There is NO reason to re-excise a moderately-atypical nevus

To those who are patients and those who follow my posts, you know that I am adamant that there has been an over-treatment of these atypical nevi for decades. In short, the data just does not support the removal of these lesions–PERIOD!

Another study was just completed at Emory University (Atlanta) and Atlanta Veterans Administration Medical Center. Here are their conclusions:

Re-excisions are not needed when clinically excised moderately dysplastic nevi have positive histologic margins, based on results of a retrospective study of 438 patients who were treated at nine academic medical centers in the United States. Not a single patient in the study developed melanoma at the excision site after an average follow-up of 6.9 years, and at least 3 years in all cases.     [SOURCE: Kim CC et al. IID 2018, Abstract 571.]

So when your Dermatologist or the Dermatopathologist (on their pathology report) states that your moderately atypical nevus should be removed, ask Why!



Erectile dysfunction treatments lead to increased risk of melanoma and basal cell carcinoma.

The use of PDE5 inhibitors such as sildenafil (Viagra), tadalafil (Cialis), and vardenafil (Levitra) are common for those with erectile dysfunction. More and more research has shown an increased risk of some types of skin cancer for those taking these medications. Interestingly, there have been no studies showing an increased risk of squamous cell carcinoma.

For this reason, those with a history of melanoma should take this into consideration when considering taking one of these medications. Those with a personal history of multiple dysplastic moles or family history of melanoma should also take this into consideration. For patients whom have had multiple basal cell carcinomas should also weigh the risks of taking these medications.

Melanoma: Lymph Node Dissection

Are we doing more harm than good? This has been a question that we have asked for decades regarding the treatment of malignant melanoma. Over the recent decades, margins of normal skin that are removed when treating melanoma have gotten smaller. Recently, the benefit of lymph node dissection to treat involved lymph nodes has come into question and has been recently studied.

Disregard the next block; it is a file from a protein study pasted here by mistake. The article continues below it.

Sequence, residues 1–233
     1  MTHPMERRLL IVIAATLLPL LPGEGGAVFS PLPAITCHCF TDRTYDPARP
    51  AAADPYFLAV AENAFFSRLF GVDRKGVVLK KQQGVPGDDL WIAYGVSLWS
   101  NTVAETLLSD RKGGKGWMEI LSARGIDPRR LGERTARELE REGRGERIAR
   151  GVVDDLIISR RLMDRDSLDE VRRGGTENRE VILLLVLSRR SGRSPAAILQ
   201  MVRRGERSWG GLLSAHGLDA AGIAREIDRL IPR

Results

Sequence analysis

According to a study published in the New England Journal of Medicine, patients with intermediate-thickness melanomas (1.2- to 3.5mm Breslow’s Depth) who were found to have a positive lymph node with sentinel lymph node biopsy (tumor in the lymph nodes), were not more likely to survive after having a lymph node dissection than not.

While removal of the lymph nodes resulting in better regional disease control, it did not increase melanoma-specific survival rates. In addition, patients whom have had lymph node dissection were more likely to have lymphedema (swelling).


What is clear is that early detection and treatment of melanoma is paramount to having a good outcome. Luckily, most melanomas grow laterally for years before they grow deeper. Increased patient awareness and education has resulted in earlier detection rates in the U.S. Unfortunately, once the tumor has spread, science has been unable to find a therapy that offers a “cure” for most patients. Medical advances have been made and may increase survival rates by 10% and continued research will likely improve upon these rates.

For all patients, early detection is key. Self-examination is recommended for patients. Any new or changing moles should be evaluated by a board-certified Dermatologist. “When in doubt, cut it out”–my slogan which means if there is a question of whether a lesion is melanoma, take a biopsy.

Patients whom have many moles should take photos and evaluate every 3 months for changes. There are several phone apps to assist with this.

“New” topical treatment for melanoma in situ: Not So Fast!

Melanoma in situ is a common tumor, and often affects the elderly. In some cases, surgery can be extremely extensive and/or patients are not good surgical candidates. For years, Dermatogists have been offering topical imiquimod (Aldara) to these patients as an alternative to surgery, with the full understanding that it is not as good as surgery, but better than nothing.

A recent study published in Dermatologic Surgery looked at long-term recurrence rates for patients who were treated with Aldara. They found that 17% of patients had a recurrence of their tumor, which is far higher than surgical recurrence rates.

In short, some publications talk about a “new” “alternative” to surgery. This is simply not the case. Surgery is the best option and topical treatment with imiquimod, as it has been, should only be considered for those who are not surgical candidates or those who are not expected to outlive their disease.

Tanning bed use for minors increases melanoma risk and death

A recent meta-analysis and data from the 2013 Youth Risk Behavior Survey concluded that prohibiting tanning bed use for minors could potentially reduce the incidence of melanoma by 4.9% and the number of melanoma deaths by 4.7%.

It has been long known that tanning bed use increases the risk of cancer, but these findings are quite alarming. A number of States have already made changes that prohibit minors from using tanning beds. Hopefully, other States follow suit.

New melanoma drug looks promising for Stage III and IV melanoma patients

51% Of Patients Benefited In Phase II Trial.

Forbes (10/30, Fortonbury) reports that in a study published in Annals of Surgical Oncology, a new cancer drug, PV-10,  51% of stage III and IV melanoma patients benefited during a phase II trial, and achieved total cancer disappearance in 26%. In addition, the response tended to be both rapid and dramatic, with a high rate of response. This drug is extremely promising and is much needed for the treatment of advanced melanoma.  Provectus Biopharmaceuticals, Inc. is the company that engineered PV-10.